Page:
Community Innovation

“We cannot solve our problems with the same thinking we used when we created them.”
- Albert Einstein

At Tamarack, we see Community Innovation as a particular form of social innovation that is place-based, within the specific geography of a community. Canada has been a pioneer in the field of social innovation, which has been defined as “both a destination – the resolution of complex social and environmental challenges – and also a journey – devising new approaches that engage all stakeholders, leveraging their competencies and creativity to design novel solutions.”

As dynamic ‘living labs’, communities offer the perfect container for innovation. Our experience with community change has taught us to appreciate that to be effective, Community Innovation requires an appreciation of both the issue one is hoping to address, as well as a deep understanding of the unique characteristics of the community – the place and the people within it – where the innovation will be implemented. Successful Community Innovation is context specific. Solutions that have been proven effective in one community can, at best, serve as a source of inspiration for another community. These innovations, however, must be adapted and modified to reflect the unique strengths, challenges and leadership of the community where they are being replicated.

Innovation creates a solution that is distinct from – and more ambitious and uncertain – than continuous improvement.  It is also important to note that innovation exists in a number of different forms. These include: program; product and/or service innovation; funding innovation or, system innovation. Karen Pittman, founder of the Forum for Youth Investment, illustrates this distinction well: “Programmatic interventions help people to beat the odds but systemic interventions seek to change the odds.” System innovation moves beyond the better alignment of programs and services within an existing system to challenge the system’s conventional norms and look beyond proven or accepted practices to create new, never-before considered solutions that are usually based on a fundamentally different set of assumptions.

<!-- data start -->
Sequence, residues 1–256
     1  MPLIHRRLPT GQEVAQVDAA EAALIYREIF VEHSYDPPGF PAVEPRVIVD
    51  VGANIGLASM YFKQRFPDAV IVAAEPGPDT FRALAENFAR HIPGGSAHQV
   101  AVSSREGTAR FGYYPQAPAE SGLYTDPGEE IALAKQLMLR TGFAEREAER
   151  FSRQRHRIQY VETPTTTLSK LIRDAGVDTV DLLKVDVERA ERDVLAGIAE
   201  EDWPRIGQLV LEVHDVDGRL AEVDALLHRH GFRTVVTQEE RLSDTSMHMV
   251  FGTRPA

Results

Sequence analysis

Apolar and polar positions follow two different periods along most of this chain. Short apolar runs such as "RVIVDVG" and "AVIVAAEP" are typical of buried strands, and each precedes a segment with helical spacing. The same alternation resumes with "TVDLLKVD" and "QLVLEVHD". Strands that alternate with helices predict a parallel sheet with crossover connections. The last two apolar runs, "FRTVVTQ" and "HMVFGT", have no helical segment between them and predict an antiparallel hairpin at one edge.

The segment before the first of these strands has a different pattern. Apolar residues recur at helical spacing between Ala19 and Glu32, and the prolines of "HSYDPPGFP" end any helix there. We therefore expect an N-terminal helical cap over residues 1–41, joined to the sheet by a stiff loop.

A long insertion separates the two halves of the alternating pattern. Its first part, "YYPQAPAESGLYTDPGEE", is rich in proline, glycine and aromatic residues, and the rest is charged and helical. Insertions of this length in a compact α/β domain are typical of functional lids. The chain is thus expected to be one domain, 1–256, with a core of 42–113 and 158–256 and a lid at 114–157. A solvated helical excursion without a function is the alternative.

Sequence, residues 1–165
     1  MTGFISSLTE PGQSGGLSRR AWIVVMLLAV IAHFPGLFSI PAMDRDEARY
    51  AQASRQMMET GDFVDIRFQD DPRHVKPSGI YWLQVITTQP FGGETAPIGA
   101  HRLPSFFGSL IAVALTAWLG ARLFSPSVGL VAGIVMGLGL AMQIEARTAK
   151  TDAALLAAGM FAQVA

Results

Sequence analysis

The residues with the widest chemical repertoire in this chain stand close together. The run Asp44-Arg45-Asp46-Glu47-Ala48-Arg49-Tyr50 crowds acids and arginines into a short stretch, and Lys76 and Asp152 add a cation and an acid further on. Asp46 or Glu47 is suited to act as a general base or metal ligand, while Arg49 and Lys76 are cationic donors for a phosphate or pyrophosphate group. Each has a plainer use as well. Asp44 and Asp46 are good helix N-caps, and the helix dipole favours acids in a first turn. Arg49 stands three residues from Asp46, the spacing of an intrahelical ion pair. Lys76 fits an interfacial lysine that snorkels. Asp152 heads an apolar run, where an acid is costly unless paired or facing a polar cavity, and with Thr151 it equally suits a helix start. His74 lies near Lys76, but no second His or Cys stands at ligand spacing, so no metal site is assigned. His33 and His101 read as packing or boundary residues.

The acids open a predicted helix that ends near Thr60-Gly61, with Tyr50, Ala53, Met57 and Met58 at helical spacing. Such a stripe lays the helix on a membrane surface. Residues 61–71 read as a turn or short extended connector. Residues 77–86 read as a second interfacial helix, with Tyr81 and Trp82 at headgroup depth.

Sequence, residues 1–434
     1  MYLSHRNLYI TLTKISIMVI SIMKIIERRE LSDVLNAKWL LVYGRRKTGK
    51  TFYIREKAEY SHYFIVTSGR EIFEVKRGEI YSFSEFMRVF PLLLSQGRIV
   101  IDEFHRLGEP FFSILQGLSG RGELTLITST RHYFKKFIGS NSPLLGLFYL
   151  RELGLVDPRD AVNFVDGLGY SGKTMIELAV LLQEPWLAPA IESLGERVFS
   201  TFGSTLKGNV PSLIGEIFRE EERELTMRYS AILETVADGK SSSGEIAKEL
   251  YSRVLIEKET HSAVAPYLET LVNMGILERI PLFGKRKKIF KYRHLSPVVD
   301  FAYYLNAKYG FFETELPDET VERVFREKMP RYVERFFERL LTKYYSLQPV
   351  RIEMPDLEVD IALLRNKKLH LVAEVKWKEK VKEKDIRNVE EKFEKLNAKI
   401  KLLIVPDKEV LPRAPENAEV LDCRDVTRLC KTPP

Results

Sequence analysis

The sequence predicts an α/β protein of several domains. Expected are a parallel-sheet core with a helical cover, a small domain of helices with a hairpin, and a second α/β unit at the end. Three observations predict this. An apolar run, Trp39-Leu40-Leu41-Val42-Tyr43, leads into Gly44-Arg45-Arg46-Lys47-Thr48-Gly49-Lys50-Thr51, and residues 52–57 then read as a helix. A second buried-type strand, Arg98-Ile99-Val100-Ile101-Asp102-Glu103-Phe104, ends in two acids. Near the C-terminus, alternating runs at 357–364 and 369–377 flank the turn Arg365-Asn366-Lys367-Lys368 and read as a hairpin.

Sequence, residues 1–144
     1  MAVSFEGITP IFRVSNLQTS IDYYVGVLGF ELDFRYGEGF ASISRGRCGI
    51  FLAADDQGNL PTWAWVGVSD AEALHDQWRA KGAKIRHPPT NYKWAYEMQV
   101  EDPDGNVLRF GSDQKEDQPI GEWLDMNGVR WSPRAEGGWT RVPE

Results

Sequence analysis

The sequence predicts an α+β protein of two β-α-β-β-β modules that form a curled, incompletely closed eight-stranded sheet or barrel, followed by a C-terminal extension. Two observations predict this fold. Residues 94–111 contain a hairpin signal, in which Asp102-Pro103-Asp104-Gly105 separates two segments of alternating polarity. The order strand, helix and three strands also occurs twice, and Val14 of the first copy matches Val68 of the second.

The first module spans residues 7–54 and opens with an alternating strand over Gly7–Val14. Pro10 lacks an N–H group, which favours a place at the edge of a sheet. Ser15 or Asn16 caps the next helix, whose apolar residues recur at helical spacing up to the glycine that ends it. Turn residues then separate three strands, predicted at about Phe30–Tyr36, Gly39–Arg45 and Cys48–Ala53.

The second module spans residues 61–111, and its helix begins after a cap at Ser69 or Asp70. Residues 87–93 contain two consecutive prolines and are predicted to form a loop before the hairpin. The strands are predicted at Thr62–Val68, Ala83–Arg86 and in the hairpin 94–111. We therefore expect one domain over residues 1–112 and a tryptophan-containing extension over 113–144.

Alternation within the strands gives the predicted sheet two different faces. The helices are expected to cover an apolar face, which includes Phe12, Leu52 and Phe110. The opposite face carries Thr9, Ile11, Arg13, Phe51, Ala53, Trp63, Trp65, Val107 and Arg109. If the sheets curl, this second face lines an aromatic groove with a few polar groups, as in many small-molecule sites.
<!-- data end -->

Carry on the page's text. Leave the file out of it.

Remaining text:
Featured Resources

Getting Started

Asset Based Mapping

Human Centered Design Toolkit, 2nd Edition


The Human Centered Design Toolkit is an essential resource that provides new frameworks and ways to hear your constituents, create new solutions, and deliver on long-term goals. 

This free resource was produced by IDEO, a global design company comitted to creative positive impact.

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The F*ckup Book, 1st Edition

By The Failure Institute

This empowering book is a collection of solutions and approaches to 24 key stigmas around failure, and includes stories from 12 succesful social entrepreneurs. You can find a variety of application materials related to each of the 24 key stigmas. 

This free resource was produced by the Failure Institute, and is designed to remove the stigma around failures in the pursuit of innovation. 

Taking It Further

Brenda Zimmerman SpeakingPreventing Snapback: The Challenge of Resilient Systems

By Brenda Zimmerman

In this video, taken at Tamarack's 2014 Collective Impact Summit, Brenda Zimmerman discussed the concept of snapback in relation to community innovation, and the difficulty involved in creating resiliency in change.


Becoming a Leader Who Fosters Innovation

By D Magellan Horth & J. Vehar, Center for Creative Leadership

This free resource was developed by the Center for Creative Leadership, and outlines the difficulty of pursuing innovation in the face of day-to-day duties. It empahsizes the need for organizational support, focus, and a culture that nurtures creativity. 

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Collective Impact: Leading Theory to Action

Nov 5-7 | Edmonton, AB

This 2.5-day workshop is designed to build your capacity to mobilize, launch and sustain Collective Impact Initiatives by providing you with theory, resources and opportunities to practice with – and learn from – your peers.  

Build Your Collective Impact Capacity